Captain-Frederick-Wentworth

Your Jane Austen husband based off zodiac sign

Aries: George Wickham

Taurus: Fitzwilliam Darcy

Gemini: Edmund Bertram

Cancer: Edward Ferrars

Leo: John Willoughby

Virgo: Colonel Brandon

Libra: Charles Bingley

Scorpio: Henry Tilney

Sagittarius: Captain Fredrick Wentworth

Capricorn: William Elliot

Aquarius: Henry Crawford

Pisces: George Knightly

Persuasion, and hope

I was just reflecting on what an uplifting story Persuasion is, despite its bleak beginnings and stark lines between heroes and villains. As Austen’s last novel, some critics have dared to attack it for containing lesser subtlety—almost a fairytale of sorts. While I’ll have to defend fairytales another time, I’d like to defend Persuasion against a jab about its subtlety.

It isn’t a typical happy ending tale. This isn’t a case of a princess having a fleeting meeting with her prince, a brief period of disappointment and longing, and then bliss. This story comes to us after eight years of Anne Elliot’s suffering. She didn’t have just a fleeting meeting; she had a real chance at love, and threw it away.

Elizabeth Bennet arrives on the scene not yet one-and-twenty, never having been in love. Marianne Dashwood has probably thought she was in love half-a-dozen times.  

But Anne. Anne screwed up. Now, I don’t blame her—she was young. She was basically unsupported in every area of her life except by one, much older friend who was basically a surrogate mother figure—and that’s the voice that told her to let go of Wentworth the first time around. I don’t blame Anne for listening to that voice.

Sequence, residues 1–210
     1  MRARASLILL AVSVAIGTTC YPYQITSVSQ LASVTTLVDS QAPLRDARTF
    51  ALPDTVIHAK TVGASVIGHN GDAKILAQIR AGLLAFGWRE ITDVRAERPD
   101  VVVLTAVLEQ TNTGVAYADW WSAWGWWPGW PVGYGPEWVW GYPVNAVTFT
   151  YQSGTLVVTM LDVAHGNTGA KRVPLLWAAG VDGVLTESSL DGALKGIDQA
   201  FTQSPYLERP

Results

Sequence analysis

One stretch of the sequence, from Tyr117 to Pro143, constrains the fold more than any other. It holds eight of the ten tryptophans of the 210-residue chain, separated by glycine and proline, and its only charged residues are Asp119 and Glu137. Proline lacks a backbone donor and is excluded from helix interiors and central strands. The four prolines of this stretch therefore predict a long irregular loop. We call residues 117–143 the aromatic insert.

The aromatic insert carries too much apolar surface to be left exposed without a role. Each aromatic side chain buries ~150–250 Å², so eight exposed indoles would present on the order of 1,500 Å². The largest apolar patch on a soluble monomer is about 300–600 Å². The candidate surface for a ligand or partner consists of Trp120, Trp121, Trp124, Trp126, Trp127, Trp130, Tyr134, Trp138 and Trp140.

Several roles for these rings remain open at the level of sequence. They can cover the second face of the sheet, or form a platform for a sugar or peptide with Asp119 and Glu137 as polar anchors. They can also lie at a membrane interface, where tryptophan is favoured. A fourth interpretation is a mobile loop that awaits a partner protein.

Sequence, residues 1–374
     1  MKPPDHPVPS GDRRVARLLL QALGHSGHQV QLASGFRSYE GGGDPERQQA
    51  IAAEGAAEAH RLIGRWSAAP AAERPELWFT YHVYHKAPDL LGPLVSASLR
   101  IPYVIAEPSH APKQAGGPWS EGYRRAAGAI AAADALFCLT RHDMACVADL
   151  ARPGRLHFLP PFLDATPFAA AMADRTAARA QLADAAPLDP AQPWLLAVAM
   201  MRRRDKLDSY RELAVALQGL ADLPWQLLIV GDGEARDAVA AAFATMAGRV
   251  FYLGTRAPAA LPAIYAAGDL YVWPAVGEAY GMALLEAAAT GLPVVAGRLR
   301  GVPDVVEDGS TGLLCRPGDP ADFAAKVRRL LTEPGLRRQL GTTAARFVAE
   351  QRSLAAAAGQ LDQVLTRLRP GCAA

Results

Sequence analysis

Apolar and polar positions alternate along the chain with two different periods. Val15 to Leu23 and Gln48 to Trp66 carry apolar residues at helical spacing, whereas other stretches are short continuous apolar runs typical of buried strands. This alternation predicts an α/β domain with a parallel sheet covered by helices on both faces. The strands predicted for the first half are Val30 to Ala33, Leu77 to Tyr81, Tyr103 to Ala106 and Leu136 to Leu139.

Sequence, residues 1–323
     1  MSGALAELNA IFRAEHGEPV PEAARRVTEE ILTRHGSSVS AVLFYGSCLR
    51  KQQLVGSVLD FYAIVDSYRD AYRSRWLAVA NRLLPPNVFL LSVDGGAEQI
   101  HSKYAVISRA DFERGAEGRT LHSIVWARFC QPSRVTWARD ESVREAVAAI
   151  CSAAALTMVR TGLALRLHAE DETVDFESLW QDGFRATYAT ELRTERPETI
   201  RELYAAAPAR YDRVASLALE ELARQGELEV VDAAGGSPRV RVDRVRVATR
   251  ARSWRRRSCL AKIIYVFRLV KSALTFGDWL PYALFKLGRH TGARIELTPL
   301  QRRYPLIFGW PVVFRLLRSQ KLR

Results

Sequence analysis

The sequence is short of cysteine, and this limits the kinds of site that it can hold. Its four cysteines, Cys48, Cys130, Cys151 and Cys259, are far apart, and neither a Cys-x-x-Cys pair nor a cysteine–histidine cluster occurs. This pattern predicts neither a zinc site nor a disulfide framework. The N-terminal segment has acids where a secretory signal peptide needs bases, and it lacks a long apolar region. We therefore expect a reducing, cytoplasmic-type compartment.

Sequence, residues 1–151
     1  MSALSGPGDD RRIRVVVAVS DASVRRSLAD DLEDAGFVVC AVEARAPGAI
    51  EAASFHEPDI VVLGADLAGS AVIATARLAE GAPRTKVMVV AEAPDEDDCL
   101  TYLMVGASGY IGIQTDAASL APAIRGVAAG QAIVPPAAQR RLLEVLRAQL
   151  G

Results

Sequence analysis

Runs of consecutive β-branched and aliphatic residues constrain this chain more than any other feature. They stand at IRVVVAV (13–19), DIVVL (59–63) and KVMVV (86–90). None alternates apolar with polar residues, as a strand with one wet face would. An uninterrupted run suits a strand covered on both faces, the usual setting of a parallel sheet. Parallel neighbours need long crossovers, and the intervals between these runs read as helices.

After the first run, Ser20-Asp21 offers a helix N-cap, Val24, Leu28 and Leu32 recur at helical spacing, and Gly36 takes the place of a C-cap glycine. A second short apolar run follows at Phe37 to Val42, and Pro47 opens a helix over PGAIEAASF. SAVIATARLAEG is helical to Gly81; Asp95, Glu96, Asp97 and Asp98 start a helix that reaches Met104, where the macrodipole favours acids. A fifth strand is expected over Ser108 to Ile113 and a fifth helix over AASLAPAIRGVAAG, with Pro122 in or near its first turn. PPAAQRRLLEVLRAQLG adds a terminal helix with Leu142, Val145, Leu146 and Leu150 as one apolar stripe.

But can you imagine the guilt? The misery of looking around at your foppish father and your querulous sisters, and thinking, I chose this? And eight, eight years go by. Reinforcing the permanence of that choice every day.

I guess I resonate with this because I feel like one of my greatest fears is missed chances. As if I, like Anne, listened to the wrong advice and threw love away before I knew what it was. Or maybe I never got the opportunity because there’s something wrong with me—I’m just trapped by a refrain that, this is my life, this is my life, so nothing good and unexpected and beautiful could happen…

What a hopeless refrain! Yet it permeates much of Persuasion…because after eight years, Wentworth returns…and seemingly wants nothing to do with Anne. Yes, we can imagine her bitterly thinking (for even Anne, with her patience and goodness and sweetness, had some bitterness mixed in by the force of cruel circumstances)—this is my life. He comes back, he doesn’t want her, he throws the possibility of a relationship with a younger, spunkier woman in her face—and Anne just has to suffer through it. She has no one to confide in, no one who is looking at her. The one person who she might have shared everything with is angry with her. And one of the sharpest truths is that he is still in love with her, and that’s where his anger comes from—but all she can see is his indifference, because as every woman knows, we can’t see inside men’s heads.

It seems so hopeless.

And then. Anne keeps living, because this is her life. She sucks it up, she continues to be patient, to be good. She doesn’t wallow, as much as she probably wants to. And it is that persistence that shows Captain Frederick Wentworth what he’s missing—that resentment isn’t going to mend his heart, she is–and he cannot live without her. This is his life, and he can’t imagine Anne not in it.

They get their happy ending. And I get a bit of hope—all of us readers do, if we are struggling with the mundane realities of every day, with the fear that we blew our big chance at a golden future.

Of course our lives aren’t novels. (At least, they haven’t inspired any yet). But our lives are not without hope. And the uplifting message of Persuasion is that sometimes living out the lives we have is what draws in the sunshine we have felt so lacking for so long.